Of documentaries I only ask one thing: Take your subject and really revel in it. I've
criticized many documentaries in these pages for barely seeming interested in their own
subjects. The Line King is not one of them. This simple look at one of America's
most celebrated cartoonists, Al Hirschfeld, really gives a terrific sense of the man
and his work, while reflecting his personality and portraying his creative process in
the loose filmmaking style.
Born in 1903, Hirschfeld moved with his family to New York around 1915. His
recollection of first arriving in the city makes you realize how valuable it is for the
filmmakers to have done their work while the subject was still alive (he died last year
at 99.) His vibrant storytelling style makes the movie: At one particularly funny point
he claims his father coined the phrase "senior citizen." When he arrived in the city he
remembers riding the street car (which predated the subway system) up to what is now
the far Upper West Side, but was then apparently a loose collection of wood houses and apple
orchards. The family rented the second story of a house for $4 a month. Compared to the
swank townhouse he lives in in the film, these are truly humble beginnings.
Surprisingly (for someone unfamiliar with Hirschfeld's early history) he originally set
out to be a sculptor. The statues (and also watercolors) shown really drive home that
the best artists often only arrive at their most specific and distinctive signature
styles after mastering many others. Once in New York, Hirschfeld discovered the
theater, which inspired his life's work: Most folks who don't recognize the name "Al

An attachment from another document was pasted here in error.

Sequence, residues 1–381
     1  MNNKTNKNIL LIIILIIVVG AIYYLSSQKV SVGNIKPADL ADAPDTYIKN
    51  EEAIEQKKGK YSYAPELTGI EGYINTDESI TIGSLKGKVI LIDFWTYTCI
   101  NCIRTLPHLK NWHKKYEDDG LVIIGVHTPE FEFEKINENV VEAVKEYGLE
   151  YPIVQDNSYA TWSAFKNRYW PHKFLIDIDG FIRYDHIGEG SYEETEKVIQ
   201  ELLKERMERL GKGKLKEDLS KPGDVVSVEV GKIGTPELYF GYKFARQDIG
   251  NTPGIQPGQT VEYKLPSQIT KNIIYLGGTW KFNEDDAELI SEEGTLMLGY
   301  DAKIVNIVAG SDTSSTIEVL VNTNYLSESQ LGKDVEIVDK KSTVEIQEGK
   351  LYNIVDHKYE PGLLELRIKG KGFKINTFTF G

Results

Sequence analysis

Hirschfeld" will likely recognize the fluid ink line drawings for which he's best
known. Once he finished working as an art director for film productions (A job he fell
into by accident, "like all things in life," according to the artist) he set out on a
70 year journey chronicling the theater and film world with his distinctive
caricatures. The amazing thing about how prolific his work is is that nearly every time
an interviewee in the film drops a name, which happens with alarming frequency, the
film is able to cut to yet another Hirschfeld portrait. A peek at the Hirschfeld
collection is a tour through nearly all of western culture for the 20th Century.
Since Hirschfeld's career lasted for so long he is able to reminisce about the kinds of
social progressions that most people can only read about in books. For example, early
on his caricatures appeared simultaneously in many New York dailies, most sadly long
gone: The Herald-Tribune, The Brooklyn Eagle, The World-Telegram. At one point the New
York Times demanded that Hirschfeld add a bra to a nude portrait while the Tribune ran
the same piece unedited. An article about the obvious alteration was entitled "All The
Nude That's Fit To Print." Eventually the Times decided it wanted a monopoly on
Hirschfeld and asked him for exclusive rights to his work, although it wasn't until
seventy years into their relationship that he says they asked for an official